Hundreds of service members took part in combined special operations to consolidate their response to regional threats.
The United States and Chile formed a multinational force to combat a terrorist group whose actions destabilized peace and created insecurity in Latin America. Their units deployed air and land assets to swiftly neutralize the threat and rescue kidnapped service members, while minimizing the impact on the population.
The scenario was one of the simulations carried out as part of exercise Northern Star 19, which, for the third time, gathered units of the Chilean and U.S. special forces on the U.S. Gulf Coast. The exercise took place January 15-30, at Camp Shelby Joint Forces Training Center, Mississippi.
More than 110 special forces service members from the United States and 54 from Chile took part in Northern Star 2019. Special forces units of Canada, the Netherlands, and Uzbekistan also joined the exercise to form the multinational force.
U.S. troops included personnel from Special Operations Command South (SOCSOUTH) and the U.S. Army’s 3rd and 20th Special Forces Groups. For its part, Chile sent elements from the Army Special Operations Brigade “Lautaro,” special forces units of the Navy and the Marine Corps, and representatives of the Joint Chiefs of Staff (EMCO, in Spanish).
“The objective of Northern Star 19 was to improve the interoperability and capacity of the U.S. and Chilean special forces units,” U.S. Army Sergeant First Class Andrew Sarria, noncommissioned officer of Southern Cone and Andean Ridge Operations at SOCSOUTH, told Diálogo. “In addition, the [exercise sought to] promote bilateral relations and strengthen bonds of friendship between the two countries to maintain a solid relationship with our strategic partners.”
At Camp Shelby, participants focused on training techniques for the fictitious exercises. The goal was to assess unit capabilities, exchange knowledge, and standardize procedures.
“For example, fast rope drops from helicopters, advanced procedures in convoys, assistance to the injured, location data entry, personnel rescue,” Chilean Army Major Pedro Mayorga, commander of the Special Forces Group, a unit of the Special Operations Brigade “Lautaro,” told Diálogo. “These enable us to note tactic and technique differences between one unit and another and to standardize these aspects.”
Once the multinational force was created, participants received information about the terrorist group and its activities to develop strategies and counter the threat in different areas. Then, participants began their missions on the ground, planning and conducting operations day and night, requiring coordination and synchronization.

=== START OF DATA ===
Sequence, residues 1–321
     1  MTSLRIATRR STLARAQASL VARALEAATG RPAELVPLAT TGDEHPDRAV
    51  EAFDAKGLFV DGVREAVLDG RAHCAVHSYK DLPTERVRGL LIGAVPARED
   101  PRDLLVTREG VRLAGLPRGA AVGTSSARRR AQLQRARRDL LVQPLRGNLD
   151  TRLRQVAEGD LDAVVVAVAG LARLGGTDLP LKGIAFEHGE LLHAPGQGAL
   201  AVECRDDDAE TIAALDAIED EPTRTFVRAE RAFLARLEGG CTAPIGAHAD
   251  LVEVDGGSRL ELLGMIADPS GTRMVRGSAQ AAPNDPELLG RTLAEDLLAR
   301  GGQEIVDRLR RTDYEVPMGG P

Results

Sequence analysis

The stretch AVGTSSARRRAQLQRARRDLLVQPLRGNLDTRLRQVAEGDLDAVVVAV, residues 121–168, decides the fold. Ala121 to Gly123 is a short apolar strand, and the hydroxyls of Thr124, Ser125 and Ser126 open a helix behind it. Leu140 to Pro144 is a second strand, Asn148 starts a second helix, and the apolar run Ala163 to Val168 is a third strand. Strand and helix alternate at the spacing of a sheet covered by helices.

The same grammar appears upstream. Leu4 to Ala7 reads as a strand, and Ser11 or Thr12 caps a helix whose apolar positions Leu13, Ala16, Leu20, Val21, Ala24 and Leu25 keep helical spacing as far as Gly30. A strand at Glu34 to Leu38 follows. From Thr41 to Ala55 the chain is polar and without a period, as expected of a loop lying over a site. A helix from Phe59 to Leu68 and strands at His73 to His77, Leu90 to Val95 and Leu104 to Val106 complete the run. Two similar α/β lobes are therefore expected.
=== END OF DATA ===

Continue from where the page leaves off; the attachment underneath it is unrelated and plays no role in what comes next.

“[Objectives] began to materialize in a fictitious story, which was the setting for the mission,” said Maj. Mayorga. “In this type of mission, the main stressor is a short timeline that implies rapid coordination of all elements to achieve the objective effectively.”
Participants confronted diverse situations, such as rescuing a kidnapped pilot, collecting sensitive information, and observing long-distance targets. Service members also conducted urban warfare exercises, close combat, and air and tactical operations in small units, among others.
“Some of the main activities of the exercise included a shooting range for long- and short-range weapons, day and night combined assault, joint close combat training, and joint planning,” said Pedro Wasserman, SOCSOUTH’s senior Operations and Intelligence integrator. “We [Chile and the United States] are engaged in constant collaboration through joint and combined training exercises, which gives us the opportunity to achieve the necessary synergy to obtain positive results.”
A powerful tool
Northern Star sprang from the combined exercise Southern Star, which EMCO and SOCSOUTH conduct in Chile since 2007. Partner nations conduct the Northern Star exercise every other year in the United States since 2015.
Both countries benefited from the exchange of experience and knowledge in the operational and logistics fields during the exercise. The use of techniques and capabilities that can transfer to humanitarian operations is “a powerful tool,” said Maj. Mayorga.
“The main gain was the update of procedures,” said the Chilean officer. “For example, information management and interagency work in the United States are important experience for us [in Chile].”
For his part, Sgt. 1st Class Sarria highlighted the evolution of the exercise and Chilean troops’ capabilities to perform and understand new techniques in a limited time. “The Chilean Armed Forces’ professionalism, ability to adapt under stress, and positive attitude during the various phases of the exercise [were remarkable].”
“We managed to consolidate; we’ve been working for many years to reach this level,” said Chilean Army Colonel Ricardo Santander, head of EMCO’s Special Operations Department and general coordinator of Northern Star 19. “We want [this exercise] to grow stronger in the coming years, with the participation of more patrols, troops, and resources.”